3/16/09 Monday greetings...back on January 26, amid my gushing about how exciting the women's FIS World Cup competition was this season, I hinted that the men's competition was shaping up to be closer. True indeed, unfortunately this horse race was overshadowed by Lindsey Vonn's overwhelming dominance in an overwhelmingly talented field. In the end, Norwegian Aksel Lund Svindal edged Austrian Benni Raich by just two points for the overall men's championship. With just one slalom remaining on Saturday in Are, Sweden, Raich straddled a gate in the first round. Benni was the favorite to win the overall globe because of his skill in technical events; he did garner the GS globe. Incidentally, Ted Ligety took 3rd place in Friday's GS final. Overall, Svindal's two point margin is the lowest in the history of the FIS Alpine Ski World Cup. Despite the closeness of the competition, Vonn managed to steal the headlines across Europe...conditions remain extremely strong in Colorado and Utah; Loveland received a couple inches overnight, and the Wasatch is simply buried. Taos is holding out extremely well...in New England, well, it's March. Some of it is good, some not so...Mid-Atlantic, we're approaching closing dates for Snowshoe in WV and Wintergreen in VA; both could hold out longer but have a habit of rigidly adhering to stated schedules as they shift their focus to the dreaded "G" word. Moving north, you're going to see a bunch of areas follow suit on the eastern seaboard, unless some cold weather returns to the region. In NJ, small but mighty Hidden Valley is shuttered but will re-open Saturday for a "Spring Fling" with $20 tickets. Easterners would do well to head as far north as they can this weekend.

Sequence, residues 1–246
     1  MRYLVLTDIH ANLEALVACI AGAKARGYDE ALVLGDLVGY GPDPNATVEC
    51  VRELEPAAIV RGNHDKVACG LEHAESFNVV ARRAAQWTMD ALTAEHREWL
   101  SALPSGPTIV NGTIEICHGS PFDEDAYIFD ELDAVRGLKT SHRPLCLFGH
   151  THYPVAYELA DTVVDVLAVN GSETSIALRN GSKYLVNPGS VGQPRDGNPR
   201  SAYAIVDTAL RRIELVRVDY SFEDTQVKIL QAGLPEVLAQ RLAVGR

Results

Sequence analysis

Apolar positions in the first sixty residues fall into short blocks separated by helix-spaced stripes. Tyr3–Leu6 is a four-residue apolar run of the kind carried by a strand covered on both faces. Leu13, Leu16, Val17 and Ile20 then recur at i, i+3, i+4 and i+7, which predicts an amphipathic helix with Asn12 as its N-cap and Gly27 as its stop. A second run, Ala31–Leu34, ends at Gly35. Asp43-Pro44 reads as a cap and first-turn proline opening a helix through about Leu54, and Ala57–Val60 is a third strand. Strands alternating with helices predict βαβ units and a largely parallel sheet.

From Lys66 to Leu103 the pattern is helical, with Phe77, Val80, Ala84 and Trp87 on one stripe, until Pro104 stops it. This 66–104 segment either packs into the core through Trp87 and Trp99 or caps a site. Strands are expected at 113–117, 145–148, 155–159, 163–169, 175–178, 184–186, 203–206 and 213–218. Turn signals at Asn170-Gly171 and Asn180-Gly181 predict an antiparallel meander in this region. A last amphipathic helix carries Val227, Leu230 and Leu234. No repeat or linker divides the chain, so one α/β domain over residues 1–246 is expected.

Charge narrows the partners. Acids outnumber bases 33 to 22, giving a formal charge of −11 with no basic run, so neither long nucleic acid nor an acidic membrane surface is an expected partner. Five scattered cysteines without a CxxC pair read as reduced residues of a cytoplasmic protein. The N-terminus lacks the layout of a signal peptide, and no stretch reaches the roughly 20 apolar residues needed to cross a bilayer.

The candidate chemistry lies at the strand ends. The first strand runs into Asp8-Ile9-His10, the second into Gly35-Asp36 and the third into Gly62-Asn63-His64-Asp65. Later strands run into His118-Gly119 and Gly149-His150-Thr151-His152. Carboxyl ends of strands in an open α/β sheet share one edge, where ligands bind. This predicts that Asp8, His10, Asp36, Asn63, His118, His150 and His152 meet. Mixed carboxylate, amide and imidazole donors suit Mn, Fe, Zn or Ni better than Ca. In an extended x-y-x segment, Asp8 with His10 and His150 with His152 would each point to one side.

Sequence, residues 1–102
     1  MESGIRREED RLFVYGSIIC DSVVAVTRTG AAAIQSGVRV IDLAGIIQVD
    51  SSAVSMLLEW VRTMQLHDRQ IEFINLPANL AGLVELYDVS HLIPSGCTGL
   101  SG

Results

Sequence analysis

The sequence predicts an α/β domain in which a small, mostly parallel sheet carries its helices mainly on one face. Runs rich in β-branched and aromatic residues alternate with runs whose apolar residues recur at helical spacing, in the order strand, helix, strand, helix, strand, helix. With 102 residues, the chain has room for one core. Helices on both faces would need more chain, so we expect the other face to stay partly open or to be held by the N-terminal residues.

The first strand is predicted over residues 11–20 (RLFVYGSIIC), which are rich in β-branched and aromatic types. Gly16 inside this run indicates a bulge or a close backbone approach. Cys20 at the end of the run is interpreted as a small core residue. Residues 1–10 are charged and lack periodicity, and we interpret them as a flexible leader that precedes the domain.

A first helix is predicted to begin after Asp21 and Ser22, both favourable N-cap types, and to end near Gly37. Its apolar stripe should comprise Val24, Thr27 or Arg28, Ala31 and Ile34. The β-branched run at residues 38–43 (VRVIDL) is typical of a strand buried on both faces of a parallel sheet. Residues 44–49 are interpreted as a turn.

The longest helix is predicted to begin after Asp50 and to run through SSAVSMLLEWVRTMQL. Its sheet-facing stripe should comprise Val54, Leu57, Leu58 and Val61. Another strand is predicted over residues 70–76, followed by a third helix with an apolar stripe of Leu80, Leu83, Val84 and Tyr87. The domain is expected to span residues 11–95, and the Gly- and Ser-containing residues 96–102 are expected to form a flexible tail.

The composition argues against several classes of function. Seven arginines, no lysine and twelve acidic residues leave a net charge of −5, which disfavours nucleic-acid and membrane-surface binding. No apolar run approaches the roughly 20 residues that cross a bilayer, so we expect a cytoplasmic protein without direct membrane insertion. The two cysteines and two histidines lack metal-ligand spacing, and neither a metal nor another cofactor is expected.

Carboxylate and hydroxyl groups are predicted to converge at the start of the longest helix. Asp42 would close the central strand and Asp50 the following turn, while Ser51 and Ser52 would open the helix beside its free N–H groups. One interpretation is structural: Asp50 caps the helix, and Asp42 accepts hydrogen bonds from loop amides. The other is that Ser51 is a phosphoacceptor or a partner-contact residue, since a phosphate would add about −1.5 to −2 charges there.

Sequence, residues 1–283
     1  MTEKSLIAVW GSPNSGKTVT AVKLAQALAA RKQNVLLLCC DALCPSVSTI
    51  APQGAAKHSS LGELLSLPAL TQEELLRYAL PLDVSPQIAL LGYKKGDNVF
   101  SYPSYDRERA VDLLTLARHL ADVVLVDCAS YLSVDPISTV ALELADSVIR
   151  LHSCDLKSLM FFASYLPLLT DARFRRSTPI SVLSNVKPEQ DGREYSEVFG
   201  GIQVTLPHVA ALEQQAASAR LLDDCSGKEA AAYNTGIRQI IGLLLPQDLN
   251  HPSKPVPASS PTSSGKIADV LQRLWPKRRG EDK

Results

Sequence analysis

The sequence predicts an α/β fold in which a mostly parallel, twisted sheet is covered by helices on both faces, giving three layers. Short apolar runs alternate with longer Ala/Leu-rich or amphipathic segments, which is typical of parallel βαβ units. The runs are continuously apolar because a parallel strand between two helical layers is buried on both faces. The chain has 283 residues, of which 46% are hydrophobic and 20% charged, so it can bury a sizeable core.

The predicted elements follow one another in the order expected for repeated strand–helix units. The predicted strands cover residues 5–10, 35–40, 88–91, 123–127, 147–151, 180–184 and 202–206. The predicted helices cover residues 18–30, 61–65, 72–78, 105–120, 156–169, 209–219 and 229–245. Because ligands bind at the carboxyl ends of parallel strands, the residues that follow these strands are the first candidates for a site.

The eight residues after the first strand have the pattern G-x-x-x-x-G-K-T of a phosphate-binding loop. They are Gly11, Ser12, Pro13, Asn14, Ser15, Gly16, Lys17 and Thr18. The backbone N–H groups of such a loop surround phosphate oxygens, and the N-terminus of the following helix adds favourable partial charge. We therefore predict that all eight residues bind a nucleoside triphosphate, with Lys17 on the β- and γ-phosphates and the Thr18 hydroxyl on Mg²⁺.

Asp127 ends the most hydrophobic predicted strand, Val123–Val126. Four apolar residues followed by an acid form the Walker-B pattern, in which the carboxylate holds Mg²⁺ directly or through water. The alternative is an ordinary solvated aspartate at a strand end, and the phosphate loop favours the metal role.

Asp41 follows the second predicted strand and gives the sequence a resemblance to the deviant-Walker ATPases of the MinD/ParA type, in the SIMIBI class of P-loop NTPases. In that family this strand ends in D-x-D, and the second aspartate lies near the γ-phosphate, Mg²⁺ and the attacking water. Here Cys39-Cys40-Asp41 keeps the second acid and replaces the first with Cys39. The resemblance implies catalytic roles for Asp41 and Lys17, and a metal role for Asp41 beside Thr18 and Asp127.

3/13/09 Happy Friday the 13th! Looking forward to some excellent conditions across the country. Warm air has taken a toll in parts of the lower midwest and east, but the pattern should shift back to more seasonable temps, so we expect the rest of March to be strong. Let's talk New England; ss a barometer, Mount Snow is down to 73 percent of available terrain, while a bit further north, Attitash is at 100 percent. The snow pack is still excellent north of Concord NH, and at the Maine areas as well. In Vermont, Jay Peak has conditions that are simply phenomenal...and now we have to say a word about Lindsey Vonn, who we can't say enough about. She finished the season with a decent showing in a slalom race, a day after winning a GS race and claiming the GS title for the season. Add that to her Downhill title, and of course her overall women's title, and my goodness -- the girl is taking home three globes from World Cup competition. Vonn is easily the most dominant skier in the world right now. Disagree? She won world cup races this year in virtually every discipline: Slalom, Giant Slalom, Downhill, Super Combined, yadda yadda yadda. Lindsey is doing it all. Here's the killer: She's virtually unknown in the USA. Here's a professional athlete who is strikingly beautiful, she works impossibly hard, doesn't do steroids, doesn't do botox, doesn't do silicone, spousal abuse, drugs, Hollywood parties, or reality TV. Got her start at tiny Buck Hill Minnesota. Minnesota! She is well spoken -- and young girls have no idea who she is. She is the real deal, a full-blown beauty and a real person at 5'10" and 175 pounds. Lindsey Vonn is someone our young girls should be emulating, instead of the emaciated red carpet head cases who look like famine victims with fake boobs. Clearly the best U.S. women's skier in history. It is an honor and privilege to have Lindsey Vonn represent our sport and our country. Thank you, Lindsey, for a fantastic World Cup season.